Nine people died and scores were injured yesterday when a Turkish airliner crashed into a field near Schiphol airport in Amsterdam.
The Boeing 737-800 plunged to the ground seconds before it was due to land from Istanbul. It broke into three sections in the soft earth. There was no explosion or fire and dozens of passengers scrambled unhurt from the wreckage. Nine people were killed during the crash – mostly in the tail section and cockpit – and 49 were injured, 25 seriously.
Relatives waiting for the arriving passengers told how they had received mobile phone calls from loved ones trapped injured in the wreckage. One man said he had received a call from his anguished daughter screaming that both her legs were broken.
There were reports in the Dutch media that Turkish Airlines flight TK 1951, carrying 127 passengers and seven crew, had run out of fuel and lost power just before it reached the runway of Europe's fifth busiest airport. Investigators refused to comment last night.
Rather like the accident in the Hudson River in New York earlier this month, the pilots appear to have been attempting to make a controlled crash landing. Witness accounts, from passengers and motorists on a nearby motorway, suggested the plane had spun out of control at the last moment and hit the ground tail-first.
Dutch media said the Schiphol control heard the pilot say: "It's very serious but we will try to land now." One witness report said that the aircraft seemed to be struggling to avoid crashing on to the busy motorway.
A crash investigator said last night that three bodies were still in the plane's cockpit, believed to be those of the two pilots and an apprentice pilot. Investigators said the relatively low death toll may partly have been due to the pilots' efforts to make an emergency landing. They also pointed out that the six-year-old aircraft had both its engines torn off and had come to rest in damp, newly-ploughed earth two miles short of the runway. This, and improved safety standards for new aircraft may help to explain why it failed to explode or catch fire, they said.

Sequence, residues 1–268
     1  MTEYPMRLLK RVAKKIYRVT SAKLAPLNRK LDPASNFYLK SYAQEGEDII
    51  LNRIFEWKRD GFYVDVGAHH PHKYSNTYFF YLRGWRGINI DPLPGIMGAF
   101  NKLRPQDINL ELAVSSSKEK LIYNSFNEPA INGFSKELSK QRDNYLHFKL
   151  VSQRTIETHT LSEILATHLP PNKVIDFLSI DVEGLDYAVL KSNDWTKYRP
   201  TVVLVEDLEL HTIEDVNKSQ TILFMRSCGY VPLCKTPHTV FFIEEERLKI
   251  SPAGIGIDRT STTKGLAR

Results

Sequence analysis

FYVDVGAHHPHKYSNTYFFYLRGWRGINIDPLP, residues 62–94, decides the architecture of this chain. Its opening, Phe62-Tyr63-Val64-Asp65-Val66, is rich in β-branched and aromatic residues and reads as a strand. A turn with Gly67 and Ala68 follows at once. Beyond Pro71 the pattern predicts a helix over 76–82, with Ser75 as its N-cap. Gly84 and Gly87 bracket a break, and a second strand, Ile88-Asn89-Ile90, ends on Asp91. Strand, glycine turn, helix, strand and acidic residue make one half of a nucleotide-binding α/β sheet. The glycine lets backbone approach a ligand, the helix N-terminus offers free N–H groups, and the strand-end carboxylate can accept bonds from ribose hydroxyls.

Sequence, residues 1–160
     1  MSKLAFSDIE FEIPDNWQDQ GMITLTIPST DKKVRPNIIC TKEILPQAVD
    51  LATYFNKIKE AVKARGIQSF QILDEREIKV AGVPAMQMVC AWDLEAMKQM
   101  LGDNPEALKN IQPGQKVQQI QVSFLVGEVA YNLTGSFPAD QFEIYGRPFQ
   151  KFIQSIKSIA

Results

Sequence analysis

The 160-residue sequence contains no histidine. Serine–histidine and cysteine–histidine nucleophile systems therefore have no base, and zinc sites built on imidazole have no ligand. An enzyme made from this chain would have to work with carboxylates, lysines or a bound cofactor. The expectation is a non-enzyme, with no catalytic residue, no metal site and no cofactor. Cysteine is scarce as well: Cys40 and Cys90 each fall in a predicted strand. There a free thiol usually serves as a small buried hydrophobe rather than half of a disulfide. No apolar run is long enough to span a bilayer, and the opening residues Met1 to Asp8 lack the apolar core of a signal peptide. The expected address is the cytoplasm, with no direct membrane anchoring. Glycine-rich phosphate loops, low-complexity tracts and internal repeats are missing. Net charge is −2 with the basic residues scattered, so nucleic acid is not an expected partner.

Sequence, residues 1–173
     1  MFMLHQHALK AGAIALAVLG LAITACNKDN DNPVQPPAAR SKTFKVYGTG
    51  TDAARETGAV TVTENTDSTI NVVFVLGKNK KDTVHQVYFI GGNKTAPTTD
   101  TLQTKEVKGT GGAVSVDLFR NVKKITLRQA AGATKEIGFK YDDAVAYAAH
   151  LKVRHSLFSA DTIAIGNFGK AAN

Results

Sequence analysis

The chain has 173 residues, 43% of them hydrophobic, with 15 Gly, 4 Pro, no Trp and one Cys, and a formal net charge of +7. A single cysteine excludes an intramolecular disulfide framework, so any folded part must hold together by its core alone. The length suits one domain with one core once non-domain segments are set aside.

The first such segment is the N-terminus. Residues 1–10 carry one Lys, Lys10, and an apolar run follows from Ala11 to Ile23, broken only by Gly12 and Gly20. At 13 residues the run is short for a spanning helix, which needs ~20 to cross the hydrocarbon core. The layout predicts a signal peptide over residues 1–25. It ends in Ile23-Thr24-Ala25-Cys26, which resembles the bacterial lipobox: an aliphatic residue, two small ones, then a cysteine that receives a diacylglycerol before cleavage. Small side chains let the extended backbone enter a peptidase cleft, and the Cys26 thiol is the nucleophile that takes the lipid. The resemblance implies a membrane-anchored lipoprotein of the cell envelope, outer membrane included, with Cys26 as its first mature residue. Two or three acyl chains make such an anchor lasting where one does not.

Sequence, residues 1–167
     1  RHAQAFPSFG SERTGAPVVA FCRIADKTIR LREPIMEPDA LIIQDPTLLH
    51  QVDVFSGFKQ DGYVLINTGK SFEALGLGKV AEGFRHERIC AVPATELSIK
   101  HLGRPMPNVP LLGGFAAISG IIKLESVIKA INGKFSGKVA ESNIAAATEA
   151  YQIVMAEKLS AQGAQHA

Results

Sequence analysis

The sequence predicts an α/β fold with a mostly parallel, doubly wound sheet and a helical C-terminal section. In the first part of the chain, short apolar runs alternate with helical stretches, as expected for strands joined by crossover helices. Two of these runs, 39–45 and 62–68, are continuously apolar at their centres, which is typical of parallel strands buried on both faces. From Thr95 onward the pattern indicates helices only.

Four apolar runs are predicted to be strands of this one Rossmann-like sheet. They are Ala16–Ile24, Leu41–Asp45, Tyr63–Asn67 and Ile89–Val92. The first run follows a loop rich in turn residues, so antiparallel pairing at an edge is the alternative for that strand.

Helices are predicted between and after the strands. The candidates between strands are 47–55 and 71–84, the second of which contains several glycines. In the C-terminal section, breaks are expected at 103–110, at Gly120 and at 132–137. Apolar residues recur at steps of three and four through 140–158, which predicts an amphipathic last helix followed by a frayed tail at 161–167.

The Turkish Transport Minister, Binali Yildirim, said it was "a miracle" so many people had survived. "The fact that the plane landed on a soft surface and there was no fire helped keep the number of fatalities low," he said.
Anguish and frustration was growing last night among relatives who had been waiting for the plane to arrive. They complained that they had originally been told that there was only one person killed. They protested that officials had been slow to give out the names of the dead and injured. "I just want to know if my nephew is still alive," said Yabhab Yabib, who had been taken with other friends and relatives to a nearby sports centre. The Anatolia agency said there were 72 Turks and 32 Dutch people on board but the nationality of other passengers was not immediately known.
The crash happened in light mist but good visibility, around 10.30am local time. The aircraft came to rest with its back broken and its tail section sliced away and turned towards the nose.
Margo de Witt, who was driving along the A6 motorway near the crash scene, told Dutch TV: "I glanced left to check for other cars and suddenly saw this plane going down with ... its tail sticking down. I saw one of the engines drop out and a huge amount of fumes but luckily no flames."
Mustapha Bahcecioglu, a passenger who emerged unscathed, said: "I was asleep in the plane and woke up because of the plane shaking so hard. We were out of balance and the pilot tried to straighten it up. But it didn't work and 10 seconds later we hit the ground."
"We came down with a big bang and screams broke out. We all got out through the exit doors and tried to help all the children out of the plane but there were people at the back we could not reach. The ambulances came very quickly. I saw several dead bodies and I saw very many people injured, very many."
Gideon Evers, spokesman for the International Federation of Airline Pilots Associations, rejected suggestions that the crash may have been caused by shortage of fuel. Regulations required all commercial flights to carry ample reserves, he said. "Certainly it appears to be an unusual circumstance but as always the sensible course of action is to wait for the results of the investigation," he said.
Turkish Airlines had a poor safety record in the 1970s, when 608 lives were lost in accidents involving its aircraft in the space of two years, but its performance has improved dramatically in recent times. Yesterday's crash was the airline's second fatal accident this decade.Reuse content